Graph 4
Graph 4: A two panel graph. The left panel is a single stacked bar showing different types of liabilities as a share of major listed developers' total liabilities at the end of 2020. It shows CNY loans and bonds, presales, and accounts and notes payable as the largest proportions of liabilities. The right panel shows a stacked density chart of interest bearing debt since 2010 owed by developers that have issued US dollar bonds. The panel shows that overall interest bearing debt has increased significantly and US dollar bonds outstanding have increased a lot since 2010.

In general, property developers face less rollover risk from bond financing than traditional bank loans because of the lower frequency of refinancing and the larger value of bond issuance. However, declining profitability, rising leverage and the way in which bond issuance is structured can make developers vulnerable to changes in investor sentiment. To enable access to offshore equity and debt financing, many private developers shifted to a complex corporate structure whereby a ‘holding company’ is registered in Hong Kong (often listed on the Hong Kong stock exchange). This holding company retains a controlling equity stake in the onshore (mainland China) ‘operating company’, which holds all the real estate assets. The holding company would then have additional subsidiary corporate vehicles registered in other jurisdictions, such as the Cayman Islands, which would issue the US dollar-denominated bonds. Because the offshore bondholders are creditors in only the offshore holding company, which itself has only an equity claim in the operating company's onshore assets, offshore creditors are ‘structurally subordinate’ to onshore creditors – that is, onshore creditors have priority over offshore creditors in the event of bankruptcy. Despite developers' attempts to enhance their offshore credit quality with legal devices like ‘keepwell deeds’ (the enforceability of which is in question), offshore developer bonds are naturally riskier than onshore credit and are subject to sudden changes in offshore creditors' confidence (Tudor-Ackroyd 2020).[3] Developer funding also relied on non-interest-bearing debt, like accounts and commercial notes payable to suppliers, and funds from presales.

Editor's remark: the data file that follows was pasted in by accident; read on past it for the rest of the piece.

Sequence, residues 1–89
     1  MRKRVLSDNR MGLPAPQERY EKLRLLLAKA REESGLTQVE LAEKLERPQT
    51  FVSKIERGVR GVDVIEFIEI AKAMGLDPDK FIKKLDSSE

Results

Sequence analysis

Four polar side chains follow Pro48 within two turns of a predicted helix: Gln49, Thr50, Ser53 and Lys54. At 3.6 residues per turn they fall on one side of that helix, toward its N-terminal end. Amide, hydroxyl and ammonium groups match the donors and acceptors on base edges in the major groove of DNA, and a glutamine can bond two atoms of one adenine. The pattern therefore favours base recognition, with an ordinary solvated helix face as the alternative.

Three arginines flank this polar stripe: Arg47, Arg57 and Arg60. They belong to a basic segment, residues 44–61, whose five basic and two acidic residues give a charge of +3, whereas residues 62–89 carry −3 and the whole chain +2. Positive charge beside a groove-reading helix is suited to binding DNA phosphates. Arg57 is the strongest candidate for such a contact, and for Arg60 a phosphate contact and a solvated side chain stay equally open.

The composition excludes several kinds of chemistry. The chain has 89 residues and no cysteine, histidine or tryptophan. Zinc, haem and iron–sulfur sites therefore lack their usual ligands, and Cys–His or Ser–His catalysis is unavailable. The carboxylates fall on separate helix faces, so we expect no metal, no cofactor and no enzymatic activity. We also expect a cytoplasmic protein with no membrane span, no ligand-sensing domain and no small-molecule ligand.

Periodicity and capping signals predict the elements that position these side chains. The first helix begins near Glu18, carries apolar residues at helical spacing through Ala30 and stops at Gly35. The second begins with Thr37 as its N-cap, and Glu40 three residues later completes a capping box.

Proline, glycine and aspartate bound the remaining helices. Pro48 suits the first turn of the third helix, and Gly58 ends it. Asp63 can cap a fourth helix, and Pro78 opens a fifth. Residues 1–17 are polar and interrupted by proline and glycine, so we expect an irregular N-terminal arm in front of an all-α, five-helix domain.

Over the 2010s, many developers expanded their business models well outside of real estate. However, rather than diversifying to improve cash flow stability, a number of developers invested in relatively speculative or unprofitable ventures, including football teams. Evergrande Group was particularly well known for this strategy, having invested in ventures as diverse as electric vehicles, a streaming service and theme parks.

Along with these changes in the composition of their financing and business models, developers were also operating with increasingly high leverage ratios and gearing ratios. This trend prompted a series of regulatory responses, which culminated in a crackdown on developer leverage, known as the ‘three red lines’ (Kemp, Suthakar and Williams 2020).

Tighter regulation of the property sector

By 2020, Chinese regulators had become increasingly concerned about growing leverage in the real estate development sector.[4] Authorities implemented new regulations on the property sector in August that year, introducing the so-called ‘three red lines’ policy, which would apply first to 30 major developers before being rolled out to the rest of the sector (Wang et al 2020). The thresholds – or ‘red lines’ – were:

  1. The debt-to-asset ratio (not including presales) was not to exceed 70 per cent.